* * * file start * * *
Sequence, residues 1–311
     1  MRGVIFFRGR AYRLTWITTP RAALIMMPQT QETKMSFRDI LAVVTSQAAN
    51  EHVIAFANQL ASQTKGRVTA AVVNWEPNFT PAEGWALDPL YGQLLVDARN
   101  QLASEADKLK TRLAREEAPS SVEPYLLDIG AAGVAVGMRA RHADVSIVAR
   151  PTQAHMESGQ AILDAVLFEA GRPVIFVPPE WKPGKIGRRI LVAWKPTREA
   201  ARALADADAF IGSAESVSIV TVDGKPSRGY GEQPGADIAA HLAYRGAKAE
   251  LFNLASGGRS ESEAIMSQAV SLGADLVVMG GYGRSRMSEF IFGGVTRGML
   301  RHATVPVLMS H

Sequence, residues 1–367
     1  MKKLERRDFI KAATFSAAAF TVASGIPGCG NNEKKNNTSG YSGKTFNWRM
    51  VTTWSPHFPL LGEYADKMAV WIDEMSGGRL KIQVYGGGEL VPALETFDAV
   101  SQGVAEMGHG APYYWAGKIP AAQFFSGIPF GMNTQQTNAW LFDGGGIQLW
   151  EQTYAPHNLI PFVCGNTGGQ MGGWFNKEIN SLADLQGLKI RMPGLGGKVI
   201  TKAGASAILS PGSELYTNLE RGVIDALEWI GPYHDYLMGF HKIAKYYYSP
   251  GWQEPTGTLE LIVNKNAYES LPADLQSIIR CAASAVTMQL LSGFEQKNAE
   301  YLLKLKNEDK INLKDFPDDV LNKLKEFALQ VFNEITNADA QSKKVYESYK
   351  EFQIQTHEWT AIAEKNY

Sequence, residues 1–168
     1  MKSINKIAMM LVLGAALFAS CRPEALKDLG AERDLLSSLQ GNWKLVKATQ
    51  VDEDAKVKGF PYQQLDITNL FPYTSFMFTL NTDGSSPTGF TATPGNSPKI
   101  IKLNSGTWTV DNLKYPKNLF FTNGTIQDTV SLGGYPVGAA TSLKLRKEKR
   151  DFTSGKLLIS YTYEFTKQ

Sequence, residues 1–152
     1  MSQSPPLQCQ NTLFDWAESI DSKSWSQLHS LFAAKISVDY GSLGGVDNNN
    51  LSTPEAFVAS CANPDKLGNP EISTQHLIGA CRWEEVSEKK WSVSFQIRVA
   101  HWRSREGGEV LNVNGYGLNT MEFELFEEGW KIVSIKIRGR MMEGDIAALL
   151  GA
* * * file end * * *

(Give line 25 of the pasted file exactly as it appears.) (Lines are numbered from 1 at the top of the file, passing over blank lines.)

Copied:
    51  LSTPEAFVAS CANPDKLGNP EISTQHLIGA CRWEEVSEKK WSVSFQIRVA